by

Losing Is for Losers: It’s Easier Than Ever to Back Up Your Work

Backing up computer files is like flossing—we know we should do it every day, but even though it’s fast and easy, we procrastinate. It’s easy to skip it “just once.” Many of us have lost work that wasn’t backed up: We save an old version over the new one; our laptop is stolen along with the backup thumb drive plugged into it; we forget to save in the first place, and just when we’re getting ready to, one of the kids—the one who plays bass in a rock band—plugs his 200-watt amplifier into the electric circuit that includes the clothes dryer and the basement office computer. (Not that any of that has happened to me.)

OK, so I’m a loser. But my loss is your gain, because the pain of losing my work and having to redo it is something I’ve had time to ponder more than once, and because of that I’ve given some thought to preventing it. What I learned was that backing up isn’t what it used to be. These days, when you can back up work online automatically at minimal or no cost, there’s just no excuse for not doing it.*

First, though, I believe it helps to be clear on one’s personal backup philosophy. I once thought that backing up needed to include every datum generated by my computer. I accumulated stacks of CD’s, then a series of thumb drives. These days I feel fine backing up only my active projects. Weirdly, the experience of losing everything can be therapeutic. I’ve learned that after a while old files become so much baggage. Starting over can be liberating. You probably don’t really need it all. In any case, identifying your archives and separating them from work you want to back up regularly can save you time and space and money.

Almost no time or space or money is needed to back up your work (which is, naturally, organized in labeled folders) using an online service like Dropbox or CrashPlan. Using the 2 gigabytes of free storage at Dropbox, I can access my files from any computer that I’ve installed their free software on, or from any other computer by logging in at the Dropbox Web site. My updates to a document sync automatically without effort on my part, and I can share files easily, either by posting them in my Public folder or by e-mailing someone a link to a private folder. If I’m not online when I work on a document, my changes will be synced whenever I’m next online. Security involves extrasuperduper encryption-whatever, which I confess I take on blind faith—whatever it is, it’s gotta be more secure than a thumb drive hanging out of a USB port.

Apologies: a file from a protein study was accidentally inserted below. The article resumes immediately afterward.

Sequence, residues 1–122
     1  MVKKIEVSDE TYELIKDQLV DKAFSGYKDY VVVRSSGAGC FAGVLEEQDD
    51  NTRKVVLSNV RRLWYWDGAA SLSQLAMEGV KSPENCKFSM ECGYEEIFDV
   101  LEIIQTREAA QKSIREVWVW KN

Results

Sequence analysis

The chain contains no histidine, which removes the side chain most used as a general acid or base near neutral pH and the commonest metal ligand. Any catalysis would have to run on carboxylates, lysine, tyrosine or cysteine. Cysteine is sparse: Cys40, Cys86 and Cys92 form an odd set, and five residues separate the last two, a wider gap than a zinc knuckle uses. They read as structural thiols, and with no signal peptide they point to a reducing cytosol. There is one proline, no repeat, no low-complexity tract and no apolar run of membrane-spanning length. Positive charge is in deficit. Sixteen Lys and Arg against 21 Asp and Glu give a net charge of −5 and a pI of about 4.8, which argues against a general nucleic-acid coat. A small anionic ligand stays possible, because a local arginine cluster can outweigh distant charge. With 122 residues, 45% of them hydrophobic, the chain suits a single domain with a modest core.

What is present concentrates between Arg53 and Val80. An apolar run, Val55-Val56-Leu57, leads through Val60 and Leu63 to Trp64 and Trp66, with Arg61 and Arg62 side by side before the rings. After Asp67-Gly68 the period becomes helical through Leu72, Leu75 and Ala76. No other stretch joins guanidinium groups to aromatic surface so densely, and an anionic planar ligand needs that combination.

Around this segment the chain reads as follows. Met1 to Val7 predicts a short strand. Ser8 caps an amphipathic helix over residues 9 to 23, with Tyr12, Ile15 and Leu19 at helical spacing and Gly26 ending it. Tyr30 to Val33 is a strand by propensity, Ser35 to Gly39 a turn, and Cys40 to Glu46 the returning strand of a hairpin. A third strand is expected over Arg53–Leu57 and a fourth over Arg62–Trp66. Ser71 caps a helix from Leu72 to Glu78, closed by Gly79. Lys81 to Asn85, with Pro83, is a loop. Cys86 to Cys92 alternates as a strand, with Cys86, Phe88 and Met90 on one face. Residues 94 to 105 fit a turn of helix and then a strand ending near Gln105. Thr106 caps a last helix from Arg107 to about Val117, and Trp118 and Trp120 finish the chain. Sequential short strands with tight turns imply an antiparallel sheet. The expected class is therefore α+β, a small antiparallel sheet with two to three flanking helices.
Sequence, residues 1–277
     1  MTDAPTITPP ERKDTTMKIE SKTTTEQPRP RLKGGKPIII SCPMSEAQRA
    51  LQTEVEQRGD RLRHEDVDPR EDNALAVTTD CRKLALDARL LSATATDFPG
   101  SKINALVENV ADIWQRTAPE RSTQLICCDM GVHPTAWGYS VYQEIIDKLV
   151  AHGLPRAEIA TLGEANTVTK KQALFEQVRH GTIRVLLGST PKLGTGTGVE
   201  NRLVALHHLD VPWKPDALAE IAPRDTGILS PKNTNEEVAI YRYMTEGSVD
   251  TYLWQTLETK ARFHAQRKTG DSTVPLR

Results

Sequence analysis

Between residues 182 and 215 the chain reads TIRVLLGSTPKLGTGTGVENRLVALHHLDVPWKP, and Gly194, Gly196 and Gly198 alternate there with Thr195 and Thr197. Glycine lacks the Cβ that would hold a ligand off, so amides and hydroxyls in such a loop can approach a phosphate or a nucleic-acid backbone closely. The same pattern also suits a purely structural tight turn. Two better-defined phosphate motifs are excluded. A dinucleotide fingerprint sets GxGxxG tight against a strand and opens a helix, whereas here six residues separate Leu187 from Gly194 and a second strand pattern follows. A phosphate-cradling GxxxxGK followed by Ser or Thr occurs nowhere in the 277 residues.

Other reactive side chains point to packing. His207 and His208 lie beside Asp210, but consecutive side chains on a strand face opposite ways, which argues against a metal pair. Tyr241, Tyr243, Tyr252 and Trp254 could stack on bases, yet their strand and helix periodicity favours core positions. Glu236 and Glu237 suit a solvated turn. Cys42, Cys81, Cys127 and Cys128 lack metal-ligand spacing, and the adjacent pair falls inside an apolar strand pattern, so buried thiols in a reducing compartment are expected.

CrashPlan, as I understand it, allows you to back up to multiple locations as well as in the cloud. (The CrashPlan site suggests that a person might back up files to a friend’s computer, which to me suggests a great plot for a wacky romantic comedy.) If you need more complete or extensive backing up, say, of space-hogging applications as well as documents, these free services offer expanded storage for a fee.

Something to keep in mind is that there are different meanings of “backup.” Sometimes it means you work from your own computer and keep a copy online; sometimes it means working from the cloud and keeping a copy on your computer. Sometimes what’s stored online is not really a copy. (E.g., iCloud merely stores a record of your data purchases—such as music—with the idea that they will replace them if you lose your hardware. They warn that in some cases licensing restrictions preclude replacement.) My point: Read at least some of the fine print or take a tour before you commit.

______

*I’m talking about backing up the personal computer files of a regular-joe professional. If your work involves megatons of research data, you probably already back up to institutional or paid servers. If it’s the latter, feel free to recommend (or not) in a comment.

~ ~ ~

Readers may send Carol questions about academic writing, editing, and publishing. Write to her at AskCarolSaller@gmail.com. (Please ask questions about Chicago style here.)

Return to Top